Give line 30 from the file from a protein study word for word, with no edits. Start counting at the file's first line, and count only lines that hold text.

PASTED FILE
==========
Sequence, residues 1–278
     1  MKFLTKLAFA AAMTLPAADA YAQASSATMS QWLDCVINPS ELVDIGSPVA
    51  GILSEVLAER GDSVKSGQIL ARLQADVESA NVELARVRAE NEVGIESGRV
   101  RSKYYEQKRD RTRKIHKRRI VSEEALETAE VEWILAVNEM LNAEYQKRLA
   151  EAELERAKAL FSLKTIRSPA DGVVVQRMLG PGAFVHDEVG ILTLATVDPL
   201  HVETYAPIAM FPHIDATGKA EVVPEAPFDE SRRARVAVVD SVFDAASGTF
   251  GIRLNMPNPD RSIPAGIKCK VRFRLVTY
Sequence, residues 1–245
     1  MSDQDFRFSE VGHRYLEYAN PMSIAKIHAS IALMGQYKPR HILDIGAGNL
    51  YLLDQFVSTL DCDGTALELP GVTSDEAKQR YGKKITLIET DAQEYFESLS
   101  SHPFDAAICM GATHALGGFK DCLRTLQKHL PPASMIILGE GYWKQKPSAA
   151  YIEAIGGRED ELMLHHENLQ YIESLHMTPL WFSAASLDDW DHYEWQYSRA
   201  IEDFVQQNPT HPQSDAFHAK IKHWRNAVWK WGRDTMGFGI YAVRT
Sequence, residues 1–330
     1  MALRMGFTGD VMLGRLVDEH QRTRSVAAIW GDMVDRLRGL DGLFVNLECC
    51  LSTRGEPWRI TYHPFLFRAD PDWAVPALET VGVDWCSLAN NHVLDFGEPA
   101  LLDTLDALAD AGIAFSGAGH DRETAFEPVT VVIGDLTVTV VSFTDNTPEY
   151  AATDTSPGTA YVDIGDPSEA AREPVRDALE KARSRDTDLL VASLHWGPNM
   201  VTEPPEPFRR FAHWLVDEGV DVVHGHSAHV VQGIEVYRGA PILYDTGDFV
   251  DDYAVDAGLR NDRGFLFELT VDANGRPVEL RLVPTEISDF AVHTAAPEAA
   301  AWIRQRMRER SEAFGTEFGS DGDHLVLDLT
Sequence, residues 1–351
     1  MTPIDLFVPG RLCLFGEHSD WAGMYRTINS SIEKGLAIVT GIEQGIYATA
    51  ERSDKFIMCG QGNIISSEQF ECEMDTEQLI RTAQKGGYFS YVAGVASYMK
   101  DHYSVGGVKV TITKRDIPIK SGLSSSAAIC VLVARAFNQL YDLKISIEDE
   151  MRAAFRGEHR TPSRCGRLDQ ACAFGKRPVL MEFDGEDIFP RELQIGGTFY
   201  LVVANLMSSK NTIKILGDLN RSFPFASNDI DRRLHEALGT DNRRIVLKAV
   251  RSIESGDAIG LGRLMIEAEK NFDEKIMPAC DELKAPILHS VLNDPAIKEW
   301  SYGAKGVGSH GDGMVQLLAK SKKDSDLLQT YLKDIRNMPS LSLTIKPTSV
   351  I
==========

   351  I